The Tampa Bay Times
If early morning trips have not been productive, when fly fishing, our weak tides may be the reason. High tide at mid-day will drop sharply and trigger feeding activity. The larger volume of water will get our quarry under docks, mangroves, and other obstructions that may require something other than a small fly that will be recognized only when the fish is facing it. Have one of your fly rods with a floating weight forward line rigged with your favorite popper that imitates a baitfish. Use smaller, lighter ones at first to get used to how they cast. White is usually the best choice, switching to darker colors in low-light situations. Make sure your tapered leader does not have fluorocarbon components as this will sink and pull the floating popper’s nose under the surface causing it to not work properly as well as making casting more difficult. The noise of the popper disturbing the surface will attract gamefish similar to a popping cork used by bait fishermen. Unlike when fishing for freshwater bass, don’t let your surface popper sit too long. Quick twitches using your line hand instead of the rod tip will make it seem like it is struggling and trying to escape from the large fish. A good addition to the popper is placing an artificial eye on the side that floats instead of on each side of the head. This more clearly represents a struggling baitfish laying on its side. Strikes are often violent and add to the excitement.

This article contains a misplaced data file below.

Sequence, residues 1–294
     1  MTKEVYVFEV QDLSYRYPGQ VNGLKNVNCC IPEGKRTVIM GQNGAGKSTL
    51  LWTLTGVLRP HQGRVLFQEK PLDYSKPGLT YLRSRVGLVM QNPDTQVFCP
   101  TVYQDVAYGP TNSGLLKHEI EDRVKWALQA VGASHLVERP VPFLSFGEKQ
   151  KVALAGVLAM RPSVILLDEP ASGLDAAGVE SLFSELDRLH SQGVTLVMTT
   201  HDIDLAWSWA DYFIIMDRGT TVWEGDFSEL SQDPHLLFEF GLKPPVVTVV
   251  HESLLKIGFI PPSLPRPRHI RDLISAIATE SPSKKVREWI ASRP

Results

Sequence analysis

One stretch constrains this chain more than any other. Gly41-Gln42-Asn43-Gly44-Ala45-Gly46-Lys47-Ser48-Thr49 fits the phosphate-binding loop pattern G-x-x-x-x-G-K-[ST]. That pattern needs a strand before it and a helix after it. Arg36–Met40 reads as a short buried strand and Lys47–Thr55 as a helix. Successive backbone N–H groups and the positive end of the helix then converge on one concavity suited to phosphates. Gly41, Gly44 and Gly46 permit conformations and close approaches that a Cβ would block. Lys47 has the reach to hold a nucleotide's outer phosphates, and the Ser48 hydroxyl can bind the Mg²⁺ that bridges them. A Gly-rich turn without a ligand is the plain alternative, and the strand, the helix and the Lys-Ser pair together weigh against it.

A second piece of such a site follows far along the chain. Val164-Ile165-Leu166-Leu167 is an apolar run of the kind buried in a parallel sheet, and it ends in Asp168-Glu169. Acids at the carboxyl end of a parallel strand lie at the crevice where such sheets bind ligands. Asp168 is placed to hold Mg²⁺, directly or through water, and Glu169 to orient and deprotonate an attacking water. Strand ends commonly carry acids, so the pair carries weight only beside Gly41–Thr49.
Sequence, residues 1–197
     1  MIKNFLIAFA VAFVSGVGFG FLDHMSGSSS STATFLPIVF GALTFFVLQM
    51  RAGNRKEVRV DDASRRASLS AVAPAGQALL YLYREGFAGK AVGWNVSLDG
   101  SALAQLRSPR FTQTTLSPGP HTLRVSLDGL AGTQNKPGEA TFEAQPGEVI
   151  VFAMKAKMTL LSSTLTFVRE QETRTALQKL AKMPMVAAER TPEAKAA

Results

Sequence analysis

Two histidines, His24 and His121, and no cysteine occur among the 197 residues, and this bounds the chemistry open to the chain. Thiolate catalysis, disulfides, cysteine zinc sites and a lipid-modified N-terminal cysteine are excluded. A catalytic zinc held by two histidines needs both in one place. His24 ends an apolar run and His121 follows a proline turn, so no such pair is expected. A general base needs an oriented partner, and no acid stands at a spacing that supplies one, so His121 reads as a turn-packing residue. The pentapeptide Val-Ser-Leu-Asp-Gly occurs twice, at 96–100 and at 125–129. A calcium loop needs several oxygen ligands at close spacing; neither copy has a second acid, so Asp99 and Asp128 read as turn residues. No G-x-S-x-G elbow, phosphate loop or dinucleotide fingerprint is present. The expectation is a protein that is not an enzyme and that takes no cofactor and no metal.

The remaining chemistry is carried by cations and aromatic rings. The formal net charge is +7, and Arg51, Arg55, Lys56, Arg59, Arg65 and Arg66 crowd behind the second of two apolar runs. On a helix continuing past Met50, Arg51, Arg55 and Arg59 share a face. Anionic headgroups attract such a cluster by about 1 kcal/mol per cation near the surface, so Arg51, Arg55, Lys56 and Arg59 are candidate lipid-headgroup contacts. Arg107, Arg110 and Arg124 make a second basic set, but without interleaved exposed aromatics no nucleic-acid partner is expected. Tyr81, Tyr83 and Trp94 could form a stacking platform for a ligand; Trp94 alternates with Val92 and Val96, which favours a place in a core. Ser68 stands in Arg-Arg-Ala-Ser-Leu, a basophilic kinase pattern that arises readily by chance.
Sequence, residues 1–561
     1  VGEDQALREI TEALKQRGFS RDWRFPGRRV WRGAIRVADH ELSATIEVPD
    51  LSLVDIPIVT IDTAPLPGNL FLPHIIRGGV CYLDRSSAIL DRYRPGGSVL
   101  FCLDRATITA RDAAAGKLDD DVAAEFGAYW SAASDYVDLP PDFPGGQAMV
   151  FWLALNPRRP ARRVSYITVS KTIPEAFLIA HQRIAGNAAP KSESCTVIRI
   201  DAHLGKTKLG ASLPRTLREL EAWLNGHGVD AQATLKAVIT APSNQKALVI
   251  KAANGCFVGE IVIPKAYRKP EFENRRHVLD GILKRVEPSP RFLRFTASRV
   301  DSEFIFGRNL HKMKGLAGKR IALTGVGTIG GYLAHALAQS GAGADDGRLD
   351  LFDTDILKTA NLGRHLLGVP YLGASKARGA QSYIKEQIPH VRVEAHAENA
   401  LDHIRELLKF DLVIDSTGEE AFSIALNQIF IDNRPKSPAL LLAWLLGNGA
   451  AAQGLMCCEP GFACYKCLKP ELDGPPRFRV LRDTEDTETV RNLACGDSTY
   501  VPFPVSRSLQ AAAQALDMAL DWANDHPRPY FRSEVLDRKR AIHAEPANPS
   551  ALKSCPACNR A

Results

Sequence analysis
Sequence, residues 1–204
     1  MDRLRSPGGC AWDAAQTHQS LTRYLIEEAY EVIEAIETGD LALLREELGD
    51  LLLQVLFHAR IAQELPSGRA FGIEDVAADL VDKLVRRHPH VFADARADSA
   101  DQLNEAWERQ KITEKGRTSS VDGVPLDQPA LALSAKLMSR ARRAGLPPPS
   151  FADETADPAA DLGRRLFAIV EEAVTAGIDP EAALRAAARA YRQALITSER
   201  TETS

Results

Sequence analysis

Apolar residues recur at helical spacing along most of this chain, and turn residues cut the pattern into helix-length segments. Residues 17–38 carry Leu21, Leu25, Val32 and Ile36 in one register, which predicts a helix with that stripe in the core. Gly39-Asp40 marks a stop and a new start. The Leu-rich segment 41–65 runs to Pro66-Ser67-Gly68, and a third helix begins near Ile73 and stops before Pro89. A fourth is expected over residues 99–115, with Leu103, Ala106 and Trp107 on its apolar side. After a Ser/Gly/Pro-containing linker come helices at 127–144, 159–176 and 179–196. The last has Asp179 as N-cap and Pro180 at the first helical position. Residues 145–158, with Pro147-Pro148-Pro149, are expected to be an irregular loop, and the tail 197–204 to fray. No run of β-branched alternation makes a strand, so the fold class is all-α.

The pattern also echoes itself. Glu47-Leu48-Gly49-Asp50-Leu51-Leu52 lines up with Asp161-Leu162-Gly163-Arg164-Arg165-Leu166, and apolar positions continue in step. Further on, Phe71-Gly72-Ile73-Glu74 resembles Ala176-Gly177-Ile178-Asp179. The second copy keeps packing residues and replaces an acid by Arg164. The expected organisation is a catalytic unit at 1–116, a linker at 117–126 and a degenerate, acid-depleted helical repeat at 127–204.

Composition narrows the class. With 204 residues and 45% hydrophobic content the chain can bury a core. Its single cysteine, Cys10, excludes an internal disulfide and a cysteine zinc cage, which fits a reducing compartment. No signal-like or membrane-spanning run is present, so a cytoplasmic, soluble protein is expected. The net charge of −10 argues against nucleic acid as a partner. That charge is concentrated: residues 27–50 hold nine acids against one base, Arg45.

Fly fisherman and casting instructor Pat Damico charters Fly Guy in lower Tampa Bay and can be reached at captpatdamico.com and (727) 504-8649.